A Slowly Spinning Comet
A rotating green comet unexpectedly slowed its spin.
A rotating green comet that orbits the Sun every 5.4 years dramatically slowed in its spin. Images taken in May 2017 by NASA’s Neil Gehrels Swift Observatory revealed that comet 41P/Tuttle-Giacobini-Kresák, or 41P for short, was spinning three times slower than it was in March 2017, when it was observed by the Discovery Channel Telescope at Lowell Observatory in Arizona. The abrupt slowdown is the most dramatic change in a comet's rotation ever seen. Comets can slow their rotation when ice on their surfaces melt directly to gas, creating jets of gas and dust that act like thrusters. The jets can create a torque, or twisting force, that can either enhance or counter the comet’s rotation. In 41P's case, its small size at less than a mile across meant that more than half its surface area was covered by these jets – leading to a dramatic slowdown from once every 20 hours to once every ~46-60 hours in two months. Watch the video to learn more.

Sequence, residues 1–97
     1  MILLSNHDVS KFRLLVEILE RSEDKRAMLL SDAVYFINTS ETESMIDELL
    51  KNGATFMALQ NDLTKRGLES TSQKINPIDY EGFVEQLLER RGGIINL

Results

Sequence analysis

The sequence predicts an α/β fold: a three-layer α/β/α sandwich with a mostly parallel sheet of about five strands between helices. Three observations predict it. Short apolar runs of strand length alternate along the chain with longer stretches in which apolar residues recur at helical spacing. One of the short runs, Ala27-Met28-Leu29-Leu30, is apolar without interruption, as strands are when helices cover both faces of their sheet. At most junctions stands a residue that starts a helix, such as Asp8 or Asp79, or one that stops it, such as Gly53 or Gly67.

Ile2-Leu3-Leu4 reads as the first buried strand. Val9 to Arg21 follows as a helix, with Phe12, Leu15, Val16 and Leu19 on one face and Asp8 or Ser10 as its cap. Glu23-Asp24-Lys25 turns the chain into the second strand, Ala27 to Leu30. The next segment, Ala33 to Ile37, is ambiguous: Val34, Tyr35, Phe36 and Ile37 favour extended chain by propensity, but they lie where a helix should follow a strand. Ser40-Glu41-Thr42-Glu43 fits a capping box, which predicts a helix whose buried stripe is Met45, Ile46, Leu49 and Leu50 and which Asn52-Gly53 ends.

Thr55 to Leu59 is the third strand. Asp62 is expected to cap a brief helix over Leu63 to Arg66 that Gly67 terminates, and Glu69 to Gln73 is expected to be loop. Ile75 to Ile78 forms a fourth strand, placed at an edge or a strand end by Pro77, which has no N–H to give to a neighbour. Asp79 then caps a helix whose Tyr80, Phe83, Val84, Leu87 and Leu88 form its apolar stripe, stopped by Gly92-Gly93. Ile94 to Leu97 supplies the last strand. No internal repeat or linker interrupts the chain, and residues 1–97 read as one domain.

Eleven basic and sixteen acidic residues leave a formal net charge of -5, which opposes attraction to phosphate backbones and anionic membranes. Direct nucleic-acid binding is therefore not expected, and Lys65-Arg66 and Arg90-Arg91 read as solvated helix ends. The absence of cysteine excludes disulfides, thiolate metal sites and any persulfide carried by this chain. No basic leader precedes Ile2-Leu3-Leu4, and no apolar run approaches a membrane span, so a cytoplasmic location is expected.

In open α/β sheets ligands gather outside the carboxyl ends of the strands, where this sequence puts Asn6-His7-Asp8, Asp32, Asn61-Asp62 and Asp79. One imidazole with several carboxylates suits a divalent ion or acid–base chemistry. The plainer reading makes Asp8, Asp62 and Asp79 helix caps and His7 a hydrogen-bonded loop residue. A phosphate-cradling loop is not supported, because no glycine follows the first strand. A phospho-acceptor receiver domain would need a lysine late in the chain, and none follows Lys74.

Learn how NASA’s Swift telescope detected an unprecedented slowdown in the rotation of comet 41P.
Two weeks before its closest approach to Earth, 41P glides by a galaxy. The green glow is from light emitted by diatomic carbon molecules.
Surface ice warms to gas, producing jets that launch dust and ice grains into an extended atmosphere, called a coma.
Strong jet activity, enhanced by a comet's shape and small size, can produce torques that alter the comet's spin.
NASA's Neil Gehrels Swift Observatory offers a window into a wide range of astronomical phenomena in our universe.
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Please give credit for this item to:
NASA's Scientific Visualization Studio
Images of green comet: Copyright 2017 by Chris Schur, used with permission